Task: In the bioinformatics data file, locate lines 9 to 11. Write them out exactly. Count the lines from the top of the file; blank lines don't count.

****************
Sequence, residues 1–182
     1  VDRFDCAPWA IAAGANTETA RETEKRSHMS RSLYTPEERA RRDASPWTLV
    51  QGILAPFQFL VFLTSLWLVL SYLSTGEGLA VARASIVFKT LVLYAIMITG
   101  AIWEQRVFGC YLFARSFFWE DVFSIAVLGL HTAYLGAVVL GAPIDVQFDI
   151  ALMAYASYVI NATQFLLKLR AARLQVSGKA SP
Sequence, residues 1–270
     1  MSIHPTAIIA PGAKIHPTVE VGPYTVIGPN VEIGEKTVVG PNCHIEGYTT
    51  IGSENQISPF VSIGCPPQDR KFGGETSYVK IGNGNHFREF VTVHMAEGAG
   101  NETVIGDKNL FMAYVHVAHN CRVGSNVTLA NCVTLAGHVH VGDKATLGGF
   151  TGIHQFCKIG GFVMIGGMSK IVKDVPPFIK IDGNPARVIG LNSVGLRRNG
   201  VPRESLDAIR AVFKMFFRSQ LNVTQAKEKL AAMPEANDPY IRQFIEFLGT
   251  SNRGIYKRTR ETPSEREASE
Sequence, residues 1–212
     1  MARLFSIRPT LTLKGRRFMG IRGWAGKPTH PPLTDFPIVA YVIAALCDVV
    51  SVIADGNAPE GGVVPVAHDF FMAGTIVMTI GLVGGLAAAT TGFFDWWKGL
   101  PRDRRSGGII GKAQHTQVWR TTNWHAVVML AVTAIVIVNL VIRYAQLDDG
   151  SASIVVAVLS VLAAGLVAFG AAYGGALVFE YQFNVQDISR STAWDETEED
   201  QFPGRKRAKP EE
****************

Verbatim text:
   101  NETVIGDKNL FMAYVHVAHN CRVGSNVTLA NCVTLAGHVH VGDKATLGGF
   151  TGIHQFCKIG GFVMIGGMSK IVKDVPPFIK IDGNPARVIG LNSVGLRRNG
   201  VPRESLDAIR AVFKMFFRSQ LNVTQAKEKL AAMPEANDPY IRQFIEFLGT